You can find a job in December

By MARY JACOBS / Special Contributor to The Dallas Morning News

Finding a job is more difficult in December – but it can be done.

One December day several years ago, Nancy Williams took a bus into downtown Cleveland for a job interview — in the middle of a blizzard. Normally a 45-minute ride, the trip took 90 minutes, yet she arrived on time.

By New Year’s Day, she’d landed the job.

Lesson learned: If you’re looking for a job during December, it’s not impossible. But you may have to work a little harder.

“December isn’t the best time of year to look for a job,” acknowledges Troy Behrens, executive director of the Hegi Family Career Development Center at Southern Methodist University.

Even in Dallas, where blizzards are rare, “this is typically a time of employment hibernation. Only two out of every 10 companies will advertise job openings during this time of year.”

But don’t hang up the job search along with the Christmas stockings.

“Many job seekers mistakenly believe that employers do not hire during the holidays, so they put their job searches on hold until after the holidays,” said John Challenger, chief executive of outplacement firm Challenger, Gray & Christmas. The firm estimates that about 20 percent of job seekers will postpone their efforts until the end of the year, leaving a smaller pool of applicants for those who do stay in the game.

“Any time of the year feels like a drought if you’re not getting calls for interviews,” said Ms. Williams, a veteran of a couple of successful December job searches who’s now a database designer in Beachwood, Ohio. “You can’t let the calendar dictate your job search.”


New grads 

Mr. Behrens has experience helping with December job searches. A growing number of the SMU students he advises are graduating in December.

Students who take an internship or a semester abroad may delay graduation to make up lost class time. Students with double majors often need extra time to meet their requirements.

“These days it’s very common” to graduate in December, Mr. Behrens said. Roughly 1,200 students graduate from SMU every May, and 300 to 350 finish up in December.

“The ones who prepare will find jobs without much additional difficulty,” Mr. Behrens said.

To help nudge December grads, the career center hosts a job fair in September, bringing recruiters to campus and getting soon-to-be graduates thinking ahead.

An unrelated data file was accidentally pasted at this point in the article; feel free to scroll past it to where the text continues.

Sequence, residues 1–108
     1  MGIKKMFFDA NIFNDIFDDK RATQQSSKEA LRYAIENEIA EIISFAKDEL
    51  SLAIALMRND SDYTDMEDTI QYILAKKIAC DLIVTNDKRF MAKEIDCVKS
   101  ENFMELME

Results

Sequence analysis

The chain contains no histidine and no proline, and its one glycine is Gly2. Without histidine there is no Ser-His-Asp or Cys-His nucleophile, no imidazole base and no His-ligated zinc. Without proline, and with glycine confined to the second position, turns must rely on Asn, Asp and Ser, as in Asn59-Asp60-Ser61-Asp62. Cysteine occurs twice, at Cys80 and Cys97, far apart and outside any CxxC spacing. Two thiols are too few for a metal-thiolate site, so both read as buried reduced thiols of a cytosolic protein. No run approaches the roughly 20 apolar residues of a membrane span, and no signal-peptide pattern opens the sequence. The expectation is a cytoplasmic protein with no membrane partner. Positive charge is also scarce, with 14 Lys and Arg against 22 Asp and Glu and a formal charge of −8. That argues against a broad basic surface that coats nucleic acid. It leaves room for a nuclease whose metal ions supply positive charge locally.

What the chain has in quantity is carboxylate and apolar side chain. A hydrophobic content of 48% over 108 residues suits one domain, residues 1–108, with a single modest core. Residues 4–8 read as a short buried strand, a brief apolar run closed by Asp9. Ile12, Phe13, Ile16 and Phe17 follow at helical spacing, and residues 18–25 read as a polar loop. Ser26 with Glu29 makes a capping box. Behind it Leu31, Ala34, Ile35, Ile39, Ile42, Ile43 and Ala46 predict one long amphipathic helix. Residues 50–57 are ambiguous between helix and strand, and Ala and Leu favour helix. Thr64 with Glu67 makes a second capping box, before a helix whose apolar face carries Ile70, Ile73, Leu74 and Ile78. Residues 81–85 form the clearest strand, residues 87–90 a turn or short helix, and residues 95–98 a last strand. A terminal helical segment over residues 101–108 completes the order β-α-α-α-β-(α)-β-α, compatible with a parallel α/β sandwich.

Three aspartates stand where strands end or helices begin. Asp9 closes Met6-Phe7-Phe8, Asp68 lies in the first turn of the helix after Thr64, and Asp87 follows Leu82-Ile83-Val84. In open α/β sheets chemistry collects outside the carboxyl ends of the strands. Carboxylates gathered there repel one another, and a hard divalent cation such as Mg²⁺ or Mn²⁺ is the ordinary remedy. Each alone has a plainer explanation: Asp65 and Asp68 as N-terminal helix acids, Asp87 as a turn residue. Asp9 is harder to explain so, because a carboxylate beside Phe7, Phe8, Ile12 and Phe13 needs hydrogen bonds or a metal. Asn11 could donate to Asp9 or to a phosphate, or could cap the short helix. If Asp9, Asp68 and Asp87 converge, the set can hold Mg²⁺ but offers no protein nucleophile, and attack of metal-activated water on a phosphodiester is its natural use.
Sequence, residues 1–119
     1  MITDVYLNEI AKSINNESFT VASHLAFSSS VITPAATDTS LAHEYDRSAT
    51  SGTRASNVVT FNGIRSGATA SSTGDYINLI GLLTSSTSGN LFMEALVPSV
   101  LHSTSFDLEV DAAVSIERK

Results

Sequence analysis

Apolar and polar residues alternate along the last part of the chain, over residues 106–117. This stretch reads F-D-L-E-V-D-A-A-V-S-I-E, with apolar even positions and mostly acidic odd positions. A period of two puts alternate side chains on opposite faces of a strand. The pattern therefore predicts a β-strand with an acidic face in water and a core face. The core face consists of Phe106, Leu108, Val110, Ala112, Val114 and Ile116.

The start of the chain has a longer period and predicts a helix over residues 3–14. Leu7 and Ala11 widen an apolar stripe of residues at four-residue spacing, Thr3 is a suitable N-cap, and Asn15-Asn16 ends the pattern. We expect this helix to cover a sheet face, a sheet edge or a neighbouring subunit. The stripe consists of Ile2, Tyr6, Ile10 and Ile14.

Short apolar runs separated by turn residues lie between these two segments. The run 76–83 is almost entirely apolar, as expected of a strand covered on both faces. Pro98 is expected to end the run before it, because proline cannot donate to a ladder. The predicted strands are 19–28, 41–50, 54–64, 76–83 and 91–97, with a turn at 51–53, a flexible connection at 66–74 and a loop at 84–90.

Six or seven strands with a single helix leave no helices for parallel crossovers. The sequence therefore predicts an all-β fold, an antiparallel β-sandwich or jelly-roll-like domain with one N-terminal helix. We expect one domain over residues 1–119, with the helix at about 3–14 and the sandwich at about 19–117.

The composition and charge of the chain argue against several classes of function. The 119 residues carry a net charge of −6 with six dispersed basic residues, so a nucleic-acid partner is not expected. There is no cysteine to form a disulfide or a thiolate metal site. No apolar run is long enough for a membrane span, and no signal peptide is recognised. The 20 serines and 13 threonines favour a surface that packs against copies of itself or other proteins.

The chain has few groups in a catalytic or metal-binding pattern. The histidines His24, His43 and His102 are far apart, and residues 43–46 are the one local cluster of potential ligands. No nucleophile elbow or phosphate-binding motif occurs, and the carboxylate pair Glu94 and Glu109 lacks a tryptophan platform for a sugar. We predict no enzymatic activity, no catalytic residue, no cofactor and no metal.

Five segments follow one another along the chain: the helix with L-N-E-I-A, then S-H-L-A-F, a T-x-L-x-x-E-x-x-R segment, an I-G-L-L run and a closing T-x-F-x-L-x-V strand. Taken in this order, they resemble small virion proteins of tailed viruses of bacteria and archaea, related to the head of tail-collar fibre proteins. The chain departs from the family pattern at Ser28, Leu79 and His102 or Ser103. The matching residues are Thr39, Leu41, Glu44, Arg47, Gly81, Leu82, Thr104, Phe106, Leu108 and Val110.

As with any time of year, it’s important to target job applications and tailor your application carefully.

Some applicants mass-mail applications out of sheer desperation during the slow hiring period.

Mr. Behrens cited a case study of a Chicago-area marketing firm that placed an ad looking for a human resources generalist in December. More than 150 people responded — but 85 percent had few, if any, of the job requirements advertised.

Applicants included a dance instructor, pastor, boiler room operator, gaming host, food service manager, accountant and dental hygienist.

“It was painfully obvious these job hunters did not plan ahead,” Mr. Behrens said. Others omitted cover letters, submitted unrelated materials, had handwritten résumés or demonstrated poor writing skills.

Jennifer Gail Hansen, 29, is following a targeted approach. Anticipating her graduation from SMU in December, she started her job search in October, submitting résumés for jobs in corporate communications and public affairs. She’s hoping to wrap that up before the holidays, but her priority is finding a position that she’ll enjoy and that will offer opportunities to hone her craft.

“My job search will take as long as it takes,” she said, “and I’ll plow on through the holidays and afterward, if need be.”


Starting out 

Tailoring applications is also especially key for entry-level folks looking for jobs in sales, Mr. Behrens said.

“People who want to work in sales tend to cast the net too wide,” he said. “They’re not focused enough on what the hiring manager needs.”

As a hiring manager at Siemens AG, the international electronics conglomerate, Mr. Behrens recruited liberal arts majors for sales jobs. He said history majors made some of the best technical salespeople he ever hired.

Just because you don’t need a specific degree doesn’t mean you don’t need to target your pitch to employers. Hiring managers look for critical-thinking skills and an ability to build rapport with customers. To snag those jobs, applicants must map out a strategy for demonstrating those abilities.

Mr. Behrens advises job hunters to work with a career counselor, or to talk with experienced salespeople, to figure out how best to present their skills to an employer.



Talking to people is always ! importan t in any job search, but perhaps more so for December job seekers.

“During the holiday season, the best thing you can do is utilize your network of contacts,” Mr. Behrens said.

Challenger offers these suggestions: Offer to work part-time to fill in for vacationing employees; volunteer at nonprofit organizations to make new contacts; send holiday cards to contacts you’ve already made; and attend every holiday party you can.

“This is a great time of the year to be networking, because of the additional social occasions,” Ms. Williams said, citing a friend who found a job for her husband through the couple’s annual holiday letter. “Also, people are more relaxed and in a better mood during the holidays.”